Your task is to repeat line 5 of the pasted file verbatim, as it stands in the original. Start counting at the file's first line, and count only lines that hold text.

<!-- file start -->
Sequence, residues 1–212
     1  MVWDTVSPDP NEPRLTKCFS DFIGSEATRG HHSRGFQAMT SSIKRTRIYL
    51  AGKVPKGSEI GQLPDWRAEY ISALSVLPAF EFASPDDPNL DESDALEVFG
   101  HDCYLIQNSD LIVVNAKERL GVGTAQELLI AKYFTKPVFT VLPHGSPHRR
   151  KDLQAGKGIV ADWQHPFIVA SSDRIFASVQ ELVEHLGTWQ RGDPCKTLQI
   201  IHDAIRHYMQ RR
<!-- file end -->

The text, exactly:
   151  KDLQAGKGIV ADWQHPFIVA SSDRIFASVQ ELVEHLGTWQ RGDPCKTLQI